That sticker package was factory. The rest of this Jeep, not so much. Get ready for a quick drive review of the diesel Legacy Scrambler on Truck Yeah! soon.
Sit your butt down and pay respect to how great granddaddy could off-road back before the original Willy’s Jeep was so much as a sketch on a bar napkin.
Last month Freddy “Tavarish” Hernandez and I joined Adam Carolla and Matt D’Andria on the CarCast podcast to talk about the future of car news on the internet, when to trust your mechanic, and what cheap cars will get expensive soon.
A few months ago we drove a fantastically well-dialed 1974 BMW 2002. Fun as the car was on-road, it’s not historically significant or a desirable Tii, turbo, or even round-taillight variant. Which makes the price it pulled down pretty impressive.
The Land Rover Series 1 had all the interior you’d ever need. At least, as long as you only drive below 20 MPH and exclusively on goat paths. The company is rebuilding 25 examples exactly to 1948 specification at its Heritage Center.
“You can feel every ripple in the road,” Mark Walker affectionately says about his GN Thunderbug. The “car” is basically a baby carriage with an old airplane engine strapped to it.
We’re all wide-eyed over the brand-spanking-new Fiat 124 convertible, also known as the Miata’s fancy dress. But MotorWeek was running that bad boy before it had the benefit of Japanese reliability. Check out how the original did in 1982:
Jaguar Land Rover has renamed its “Heritage” division to “Classic.” But the important thing is that they’re still offering support for ancient iron. Long live the classics.
Tim Mings is maybe the only mechanic on Earth who wrenches exclusively on Honda N600s and Z600s, the plucky Mini-esque ultracompact cars that were built in the late 1960s and early ’70s. As he started his latest restoration project, he wiped some grease off the VIN stamp and realized, holy crap, he’s got the first one.
For me it started with the wooden steering wheel. Something about that lacquer, smooth and grippy at the same time. It dug up old memories of a pool cue, from this time I was just out adolescence, hanging with my friends at a grown-up bar, trying to get some girl’s attention. That’s what it does. It feels like the…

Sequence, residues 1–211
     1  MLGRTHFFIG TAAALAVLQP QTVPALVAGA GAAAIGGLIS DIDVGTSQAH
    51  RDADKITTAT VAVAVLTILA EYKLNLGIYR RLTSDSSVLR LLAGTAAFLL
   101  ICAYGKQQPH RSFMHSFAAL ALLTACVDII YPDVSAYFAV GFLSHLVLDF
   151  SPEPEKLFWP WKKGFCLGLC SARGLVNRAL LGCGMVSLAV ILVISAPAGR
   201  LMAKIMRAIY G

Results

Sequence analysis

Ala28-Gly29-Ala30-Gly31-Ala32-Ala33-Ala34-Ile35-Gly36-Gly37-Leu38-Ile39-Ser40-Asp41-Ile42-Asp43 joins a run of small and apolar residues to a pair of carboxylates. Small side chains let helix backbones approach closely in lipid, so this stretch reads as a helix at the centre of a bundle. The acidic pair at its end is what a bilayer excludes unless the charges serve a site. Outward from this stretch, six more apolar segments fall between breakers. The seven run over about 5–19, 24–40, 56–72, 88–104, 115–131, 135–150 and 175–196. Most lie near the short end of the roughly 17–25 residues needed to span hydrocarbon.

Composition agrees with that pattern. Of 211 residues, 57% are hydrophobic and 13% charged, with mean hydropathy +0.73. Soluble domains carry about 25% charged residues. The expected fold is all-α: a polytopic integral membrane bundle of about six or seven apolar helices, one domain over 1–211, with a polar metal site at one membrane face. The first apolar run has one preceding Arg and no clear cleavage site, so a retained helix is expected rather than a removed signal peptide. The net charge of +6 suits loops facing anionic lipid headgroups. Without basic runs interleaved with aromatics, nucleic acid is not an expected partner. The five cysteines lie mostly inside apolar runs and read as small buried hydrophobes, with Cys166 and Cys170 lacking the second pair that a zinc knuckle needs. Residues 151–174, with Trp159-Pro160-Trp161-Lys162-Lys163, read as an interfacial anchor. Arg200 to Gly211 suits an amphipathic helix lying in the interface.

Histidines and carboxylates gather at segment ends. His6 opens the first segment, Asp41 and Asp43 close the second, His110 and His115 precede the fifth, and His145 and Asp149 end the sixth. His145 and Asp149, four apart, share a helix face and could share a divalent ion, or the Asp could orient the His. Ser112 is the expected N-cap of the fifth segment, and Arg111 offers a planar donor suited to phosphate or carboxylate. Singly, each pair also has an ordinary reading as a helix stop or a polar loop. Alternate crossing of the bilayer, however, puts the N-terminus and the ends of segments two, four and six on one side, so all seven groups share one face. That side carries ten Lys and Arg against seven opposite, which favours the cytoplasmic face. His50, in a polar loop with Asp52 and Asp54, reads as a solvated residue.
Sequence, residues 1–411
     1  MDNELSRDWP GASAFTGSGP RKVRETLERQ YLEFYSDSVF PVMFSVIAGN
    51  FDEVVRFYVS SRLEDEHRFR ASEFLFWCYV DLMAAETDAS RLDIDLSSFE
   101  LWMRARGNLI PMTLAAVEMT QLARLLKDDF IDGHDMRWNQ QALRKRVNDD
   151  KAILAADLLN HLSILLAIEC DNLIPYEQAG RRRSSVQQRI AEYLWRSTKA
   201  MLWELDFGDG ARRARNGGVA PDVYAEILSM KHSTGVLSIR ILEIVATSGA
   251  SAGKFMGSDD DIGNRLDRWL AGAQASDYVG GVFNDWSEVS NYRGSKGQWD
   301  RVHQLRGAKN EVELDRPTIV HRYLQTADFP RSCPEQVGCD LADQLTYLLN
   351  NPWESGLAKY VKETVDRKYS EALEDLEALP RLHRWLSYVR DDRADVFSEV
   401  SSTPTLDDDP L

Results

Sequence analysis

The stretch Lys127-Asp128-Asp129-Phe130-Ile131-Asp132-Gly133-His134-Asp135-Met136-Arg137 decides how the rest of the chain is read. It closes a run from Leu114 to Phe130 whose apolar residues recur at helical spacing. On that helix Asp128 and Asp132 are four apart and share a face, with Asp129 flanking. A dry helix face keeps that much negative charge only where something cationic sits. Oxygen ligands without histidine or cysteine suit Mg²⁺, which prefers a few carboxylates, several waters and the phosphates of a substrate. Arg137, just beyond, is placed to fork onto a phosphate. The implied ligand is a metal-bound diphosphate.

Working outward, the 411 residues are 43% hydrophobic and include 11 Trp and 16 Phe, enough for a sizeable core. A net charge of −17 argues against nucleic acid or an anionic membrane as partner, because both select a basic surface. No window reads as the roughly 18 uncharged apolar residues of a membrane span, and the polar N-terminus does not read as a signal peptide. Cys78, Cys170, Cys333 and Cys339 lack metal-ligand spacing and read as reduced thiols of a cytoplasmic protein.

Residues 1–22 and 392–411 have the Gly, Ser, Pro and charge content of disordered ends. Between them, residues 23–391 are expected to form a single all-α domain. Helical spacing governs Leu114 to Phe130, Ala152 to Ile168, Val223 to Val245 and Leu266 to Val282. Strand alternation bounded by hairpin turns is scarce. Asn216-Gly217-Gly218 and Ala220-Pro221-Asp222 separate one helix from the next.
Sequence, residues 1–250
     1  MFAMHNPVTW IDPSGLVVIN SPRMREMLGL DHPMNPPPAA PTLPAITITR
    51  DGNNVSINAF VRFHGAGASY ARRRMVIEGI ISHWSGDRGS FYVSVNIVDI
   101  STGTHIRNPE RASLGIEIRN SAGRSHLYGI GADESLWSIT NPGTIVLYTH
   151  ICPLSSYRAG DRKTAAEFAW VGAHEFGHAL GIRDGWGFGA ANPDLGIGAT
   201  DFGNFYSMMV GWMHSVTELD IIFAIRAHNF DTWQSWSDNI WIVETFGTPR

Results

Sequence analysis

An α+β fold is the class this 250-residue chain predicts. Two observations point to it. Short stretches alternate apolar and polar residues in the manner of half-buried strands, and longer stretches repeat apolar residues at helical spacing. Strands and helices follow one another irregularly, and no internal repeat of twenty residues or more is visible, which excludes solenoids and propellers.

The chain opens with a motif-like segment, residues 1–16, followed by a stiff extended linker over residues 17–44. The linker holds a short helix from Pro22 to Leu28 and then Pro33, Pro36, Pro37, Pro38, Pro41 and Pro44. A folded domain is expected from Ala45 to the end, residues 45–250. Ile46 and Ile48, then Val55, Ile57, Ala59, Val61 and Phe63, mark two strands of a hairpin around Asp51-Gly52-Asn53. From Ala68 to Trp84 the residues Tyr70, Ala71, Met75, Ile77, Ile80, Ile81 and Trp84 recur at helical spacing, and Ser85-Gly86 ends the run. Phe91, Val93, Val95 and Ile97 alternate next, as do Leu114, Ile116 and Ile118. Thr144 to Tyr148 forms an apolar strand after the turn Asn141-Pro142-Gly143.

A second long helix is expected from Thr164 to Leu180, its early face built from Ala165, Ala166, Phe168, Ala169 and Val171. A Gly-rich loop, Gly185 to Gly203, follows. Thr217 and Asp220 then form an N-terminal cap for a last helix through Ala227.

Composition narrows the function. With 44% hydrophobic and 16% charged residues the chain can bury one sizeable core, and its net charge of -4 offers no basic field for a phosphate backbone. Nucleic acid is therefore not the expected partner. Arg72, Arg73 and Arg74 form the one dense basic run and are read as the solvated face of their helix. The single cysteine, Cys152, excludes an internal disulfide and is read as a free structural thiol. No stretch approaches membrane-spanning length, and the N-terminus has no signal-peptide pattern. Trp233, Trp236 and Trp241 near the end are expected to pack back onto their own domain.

Marvin Askew bought this Datsun 1600 in 1971, changed the oil every 2,000 miles ever since, and today it’s still nice enough to sit in a museum. Listening to this guy talk about his truck will make you want to go outside and hug your car.
The Nissan pickup truck known as the “hardbody” would be plucky by today’s standards but it’s still respected as one of the all-time great utility vehicles to grace American roads. Performances like this ridiculous race finish helped stoke that reputation.
Jonathan Ward’s outfit ICON 4X4 takes ratty old Land Cruisers and completely retools them. We’re talking scratch-built frames, huge supercharged V8s, and painstaking attention to detail with stratospheric price-tags to match. We figured nobody could bare to beat up on a vehicle like that. We figured wrong.
I went to the 2016 Consumer Electronics Show with an edict from my bosses: “Don’t just stand around and complain that there aren’t any manual-transmission rear-drive lead sleds there.” Don’t worry, I found one anyway, and it’s a fantastic old Acura NSX!
The U.S. Postal Service (remember those guys?) has a big new crop of pretty stamps for 2016, including this set of four classic pickup trucks. Beautifully rendered as clean and colorful drawings, forget mailing the gas bill—these are nice enough to hang on the wall!
This 1963 Chevy Corvette Stingray sure makes a driver look cool. But when President Barack Obama is behind the wheel, that might be the other way around. Even Seinfeld seems dorkier than usual next to the commander in chief.
An inexpensive pickup truck that’s capable, comfortable, seats more than two, fits in your garage and gets vaguely reasonable fuel economy: that’s the dream. It ain’t a 2015 Chevy Colorado. Actually it’s not a 2015 anything, it’s a fifteen year old half-ton and it’s even got a V8.
“Day Three, they suspect nothing.” [Image: Andrew P. Collins]
Curse the BMW 2002 for being so darn lovable that poors like me can’t afford one anymore. Alas, there will always be a place in my heart for this car. If you feel the same, you’ll find this complete factory-spec restoration most cathartic.
If you want to see a monster truck crush rocks, don’t bother watching this. No, wait! I promise you don’t want to miss any of the beautiful details on Winslow Bent’s custom-made ’42 Dodge Power Wagon. Check it out with comedian car guy Jay Leno.